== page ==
Republicans Comer, Heiner trade shots at KPA gubernatorial forum
01/23/2015 09:03 PM
A relatively tame forum between four gubernatorial candidates Friday finished with a bang after the simmering tension between Kentucky Agriculture James Comer and Louisville real estate developer Hal Heiner reached a boil.
The light skirmish began after Comer suggested he and Heiner shared similar views on expanded gambling. Comer said he could back a constitutional amendment on casino-style gaming and allowing voters to ratify the proposal, but political realities in Kentucky’s General Assembly have marginalized the topic.
Heiner had previously supported putting the gambling question to voters back when he ran for Louisville mayor in 2010, but he said Friday at the Kentucky Press Association’s gubernatorial forum that casino gaming has no place on his platform.
“I know what it takes to grow good jobs in Kentucky,” Heiner said. “That’s why I’m running, not to take more money from Kentuckians to try to shore up this part or that part of Kentucky, but to build real revenue, real jobs. That’s what helps Kentucky families.”
While Heiner pointed to Comer’s honorary co-chairmanship of the pro-casino group Kentucky Wins, the first-term agriculture commissioner noted that K.C. Crosbie, Heiner’s running mate, is married to a lobbyist who’d represented gambling groups.
“Let’s just state the facts here: We have the same position,” Comer said. “He said on cn|2, I believe it was the only interview I’ve seen that your running mate’s given the whole year you’ve been in the campaign, that they support letting the people decide.”
But as Heiner and Crosbie, a former Lexington councilwoman who ran for state treasurer in 2011, prepared to launch their campaign, they eluded taking a firm stance on whether they support allowing voters to decide expanded gambling’s fate at the ballot box.
Here’s what the pair told Pure Politics in March:
Heiner countered that Comer’s remarks “again shows the kind of hyperbole that we can’t have as governor.”
“To identify somebody that represents a hotel company for five months and never says the first thing about this issue is the kind of exaggeration that we can’t have in the governor’s office,” he said.
Comer said his comments weren’t antagonistic toward K.C. Crosbie, but her marriage to a lobbyist raises a potential conflict of interest.
“I don’t think spouses of lobbyists or lobbyists should hold office,” he said after the forum. “… When commercials are run attacking Frankfort insiders and then you’ve chosen as your running mate the spouse of a lobbyist, I think that’s a little hypocritical.”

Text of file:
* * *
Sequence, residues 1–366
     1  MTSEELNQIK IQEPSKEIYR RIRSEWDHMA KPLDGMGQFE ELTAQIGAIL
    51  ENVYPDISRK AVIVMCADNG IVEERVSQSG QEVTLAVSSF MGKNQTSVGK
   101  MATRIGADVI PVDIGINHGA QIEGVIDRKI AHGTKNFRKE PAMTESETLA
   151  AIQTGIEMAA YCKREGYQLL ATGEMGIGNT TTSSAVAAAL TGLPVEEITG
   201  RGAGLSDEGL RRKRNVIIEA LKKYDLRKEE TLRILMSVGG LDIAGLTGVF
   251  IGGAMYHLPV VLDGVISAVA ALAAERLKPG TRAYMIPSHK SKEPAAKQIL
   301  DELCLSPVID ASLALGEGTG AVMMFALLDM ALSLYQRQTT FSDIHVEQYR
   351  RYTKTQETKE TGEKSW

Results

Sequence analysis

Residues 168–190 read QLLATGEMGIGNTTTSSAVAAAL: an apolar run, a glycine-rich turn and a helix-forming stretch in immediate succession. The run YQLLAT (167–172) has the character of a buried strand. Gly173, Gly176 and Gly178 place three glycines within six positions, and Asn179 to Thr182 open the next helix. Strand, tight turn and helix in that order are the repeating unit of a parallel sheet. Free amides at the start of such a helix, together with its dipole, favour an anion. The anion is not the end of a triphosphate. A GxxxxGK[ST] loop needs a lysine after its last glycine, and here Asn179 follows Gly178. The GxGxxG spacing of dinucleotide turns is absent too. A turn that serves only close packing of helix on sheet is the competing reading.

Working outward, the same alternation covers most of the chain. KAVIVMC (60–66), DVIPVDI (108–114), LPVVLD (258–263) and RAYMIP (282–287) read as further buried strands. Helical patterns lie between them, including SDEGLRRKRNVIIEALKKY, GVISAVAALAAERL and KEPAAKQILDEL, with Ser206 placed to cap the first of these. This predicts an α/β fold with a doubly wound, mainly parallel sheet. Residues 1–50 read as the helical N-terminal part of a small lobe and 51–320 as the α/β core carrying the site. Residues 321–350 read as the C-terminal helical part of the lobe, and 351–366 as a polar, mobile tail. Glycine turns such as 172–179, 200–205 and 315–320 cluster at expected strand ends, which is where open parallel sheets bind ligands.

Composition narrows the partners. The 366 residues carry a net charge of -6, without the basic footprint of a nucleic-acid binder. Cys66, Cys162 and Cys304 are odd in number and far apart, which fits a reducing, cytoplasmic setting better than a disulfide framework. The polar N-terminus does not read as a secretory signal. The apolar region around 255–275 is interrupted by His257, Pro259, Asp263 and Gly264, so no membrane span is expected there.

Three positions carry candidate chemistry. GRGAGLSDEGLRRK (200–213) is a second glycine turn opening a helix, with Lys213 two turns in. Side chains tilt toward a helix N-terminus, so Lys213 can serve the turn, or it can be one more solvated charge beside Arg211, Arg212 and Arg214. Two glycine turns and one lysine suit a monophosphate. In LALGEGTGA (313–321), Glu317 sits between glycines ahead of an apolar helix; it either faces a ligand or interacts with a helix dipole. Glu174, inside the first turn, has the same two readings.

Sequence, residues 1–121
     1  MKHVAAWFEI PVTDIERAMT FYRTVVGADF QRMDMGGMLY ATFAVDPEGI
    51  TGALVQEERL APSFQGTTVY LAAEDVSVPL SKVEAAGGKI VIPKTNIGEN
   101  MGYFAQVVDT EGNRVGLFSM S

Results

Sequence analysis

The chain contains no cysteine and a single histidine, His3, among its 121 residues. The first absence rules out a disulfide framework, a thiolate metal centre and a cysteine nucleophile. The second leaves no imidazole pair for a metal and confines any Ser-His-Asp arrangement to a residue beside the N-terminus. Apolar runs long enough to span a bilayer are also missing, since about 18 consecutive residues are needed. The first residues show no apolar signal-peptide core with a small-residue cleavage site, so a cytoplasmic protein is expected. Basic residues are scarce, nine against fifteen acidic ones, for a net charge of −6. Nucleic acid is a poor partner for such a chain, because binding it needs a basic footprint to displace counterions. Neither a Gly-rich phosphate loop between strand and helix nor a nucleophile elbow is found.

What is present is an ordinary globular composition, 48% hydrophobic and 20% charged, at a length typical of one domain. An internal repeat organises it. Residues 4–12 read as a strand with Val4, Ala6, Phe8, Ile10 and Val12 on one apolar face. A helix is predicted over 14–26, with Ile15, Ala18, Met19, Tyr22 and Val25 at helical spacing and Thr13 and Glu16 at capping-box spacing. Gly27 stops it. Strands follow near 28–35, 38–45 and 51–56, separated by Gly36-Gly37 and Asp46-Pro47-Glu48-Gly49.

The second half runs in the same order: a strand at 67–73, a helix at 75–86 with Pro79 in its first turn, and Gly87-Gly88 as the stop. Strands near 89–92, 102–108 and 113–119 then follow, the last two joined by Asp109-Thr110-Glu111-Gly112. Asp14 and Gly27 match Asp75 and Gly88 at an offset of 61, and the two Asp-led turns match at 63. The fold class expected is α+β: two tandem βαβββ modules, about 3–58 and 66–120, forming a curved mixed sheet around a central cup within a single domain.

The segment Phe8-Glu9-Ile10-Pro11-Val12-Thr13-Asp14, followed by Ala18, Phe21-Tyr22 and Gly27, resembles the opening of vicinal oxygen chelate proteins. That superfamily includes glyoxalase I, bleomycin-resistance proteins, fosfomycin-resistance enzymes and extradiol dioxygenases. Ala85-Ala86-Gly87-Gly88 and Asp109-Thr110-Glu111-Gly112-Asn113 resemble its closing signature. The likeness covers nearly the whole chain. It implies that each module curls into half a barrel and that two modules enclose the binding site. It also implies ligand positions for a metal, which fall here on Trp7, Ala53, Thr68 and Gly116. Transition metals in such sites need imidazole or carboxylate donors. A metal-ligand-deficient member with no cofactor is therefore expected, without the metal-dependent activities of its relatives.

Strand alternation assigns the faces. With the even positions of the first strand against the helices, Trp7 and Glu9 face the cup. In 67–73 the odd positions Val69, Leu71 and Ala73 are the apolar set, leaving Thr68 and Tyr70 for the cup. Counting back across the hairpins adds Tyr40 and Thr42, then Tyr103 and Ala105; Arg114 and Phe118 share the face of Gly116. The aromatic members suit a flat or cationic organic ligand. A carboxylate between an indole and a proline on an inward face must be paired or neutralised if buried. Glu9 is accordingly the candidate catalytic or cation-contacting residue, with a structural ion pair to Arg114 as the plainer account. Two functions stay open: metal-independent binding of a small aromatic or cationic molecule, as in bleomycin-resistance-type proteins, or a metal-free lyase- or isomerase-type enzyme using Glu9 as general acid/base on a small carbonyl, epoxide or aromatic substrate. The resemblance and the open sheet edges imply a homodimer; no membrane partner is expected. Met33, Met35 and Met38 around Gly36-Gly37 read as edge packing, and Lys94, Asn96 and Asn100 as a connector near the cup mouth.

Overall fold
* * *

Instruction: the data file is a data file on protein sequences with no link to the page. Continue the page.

Heiner’s campaign, later Friday, said in a statement that Scott Crosbie had actually ended his lobbying career last week, selling his interest in the firm, HCM Government Relations, Jan. 16.
“In front of the entire Kentucky press community, Jamie Comer said he was committed to running a positive campaign and minutes later attacked the Heiner/Crosbie campaign with false allegations about KC Crosbie’s husband,” Heiner spokesman Doug Alexander said in a statement. “… How will we be able to trust any of Commissioner Comer’s statements in the future?”
HCM Government Relations’ website still features Crosbie’s picture and a link to his biography on the homepage as well as a listing of clients, including Tropicana Casinos and Resorts and GTech, two gambling groups Comer mentioned in his speech.
Ethics filings show Crosbie isn’t registered to lobby the General Assembly this session, but he lobbied on behalf of GTech, one of his five clients, in 2014. Crosbie is registered with the Executive Branch Ethics Commission as a lobbyist for GTech and six other groups, filings show.
The forum was quiet before the dust-up between Heiner and Comer. Republican Will T. Scott, a former Kentucky Supreme Court justice, largely agreed with his primary opponents on topics like Medicaid expansion, bonding for the Kentucky Teachers’ Retirement System and tax incentives for the Ark Encounter project in Williamstown.
Little-known Democratic candidate Geoff Young carried his party’s banner solo after Attorney General Jack Conway declined the KPA’s invitation. He mostly kept his attacks to the GOP itself, although he tossed some barbs toward the Republican candidates on occasion.
Comer, even after the brouhaha, pledged to keep his campaign’s messaging on issues rather than missteps.
“This campaign is not going to be about who went to a cockfighting rally or how much someone paid rent on their bus,” he said in his closing remarks. “I want this election to be about ideas and achievement, ways we can move Kentucky forward.”
The testy exchange, though, didn’t appear to convince Heiner.
“It certainly seemed the direct opposite of say this and do that, so we’ll see as this campaign’s just really getting moved forward in earnest,” he said after the forum.
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